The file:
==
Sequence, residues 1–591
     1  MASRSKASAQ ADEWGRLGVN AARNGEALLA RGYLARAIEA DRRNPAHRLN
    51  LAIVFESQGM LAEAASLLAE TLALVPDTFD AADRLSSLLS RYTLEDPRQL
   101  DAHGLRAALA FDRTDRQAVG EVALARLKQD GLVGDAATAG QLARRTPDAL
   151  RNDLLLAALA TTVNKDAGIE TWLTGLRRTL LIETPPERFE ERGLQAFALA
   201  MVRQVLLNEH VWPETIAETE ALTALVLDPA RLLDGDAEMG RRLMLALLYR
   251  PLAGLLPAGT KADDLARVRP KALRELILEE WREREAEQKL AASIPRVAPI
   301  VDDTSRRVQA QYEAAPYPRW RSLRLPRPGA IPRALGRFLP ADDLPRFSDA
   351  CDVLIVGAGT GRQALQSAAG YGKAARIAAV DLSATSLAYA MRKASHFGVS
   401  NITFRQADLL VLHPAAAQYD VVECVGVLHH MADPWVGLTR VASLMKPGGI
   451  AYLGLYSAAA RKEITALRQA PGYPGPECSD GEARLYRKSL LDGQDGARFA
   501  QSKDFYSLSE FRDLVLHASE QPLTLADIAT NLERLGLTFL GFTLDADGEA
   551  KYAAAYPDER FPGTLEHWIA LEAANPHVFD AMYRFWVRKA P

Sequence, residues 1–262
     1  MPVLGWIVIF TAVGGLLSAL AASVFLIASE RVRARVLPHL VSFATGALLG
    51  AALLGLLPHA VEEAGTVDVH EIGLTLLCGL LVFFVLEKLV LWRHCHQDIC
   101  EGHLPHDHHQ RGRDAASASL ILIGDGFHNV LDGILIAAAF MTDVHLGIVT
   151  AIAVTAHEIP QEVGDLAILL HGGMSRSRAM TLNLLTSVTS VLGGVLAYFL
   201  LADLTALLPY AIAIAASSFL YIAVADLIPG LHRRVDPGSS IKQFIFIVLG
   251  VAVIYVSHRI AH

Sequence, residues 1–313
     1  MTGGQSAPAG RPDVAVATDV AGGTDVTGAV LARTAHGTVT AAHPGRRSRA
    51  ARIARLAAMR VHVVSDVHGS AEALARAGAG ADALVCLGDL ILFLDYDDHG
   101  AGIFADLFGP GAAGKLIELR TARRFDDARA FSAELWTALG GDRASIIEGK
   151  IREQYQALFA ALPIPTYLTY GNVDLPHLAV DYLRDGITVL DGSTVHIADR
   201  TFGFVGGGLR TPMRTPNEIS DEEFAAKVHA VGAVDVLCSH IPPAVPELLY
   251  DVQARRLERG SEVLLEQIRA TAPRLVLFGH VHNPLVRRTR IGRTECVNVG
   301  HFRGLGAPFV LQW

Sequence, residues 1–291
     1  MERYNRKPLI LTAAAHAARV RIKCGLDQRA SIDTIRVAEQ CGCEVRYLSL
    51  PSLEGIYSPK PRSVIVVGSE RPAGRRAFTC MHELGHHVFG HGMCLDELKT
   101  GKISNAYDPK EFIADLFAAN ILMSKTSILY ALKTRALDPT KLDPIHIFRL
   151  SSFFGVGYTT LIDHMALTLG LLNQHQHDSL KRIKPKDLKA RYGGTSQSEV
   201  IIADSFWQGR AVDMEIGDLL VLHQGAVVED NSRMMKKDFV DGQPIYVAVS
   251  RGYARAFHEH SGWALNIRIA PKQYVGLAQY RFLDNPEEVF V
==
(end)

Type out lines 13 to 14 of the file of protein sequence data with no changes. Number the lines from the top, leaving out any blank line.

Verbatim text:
   551  KYAAAYPDER FPGTLEHWIA LEAANPHVFD AMYRFWVRKA P

Sequence, residues 1–262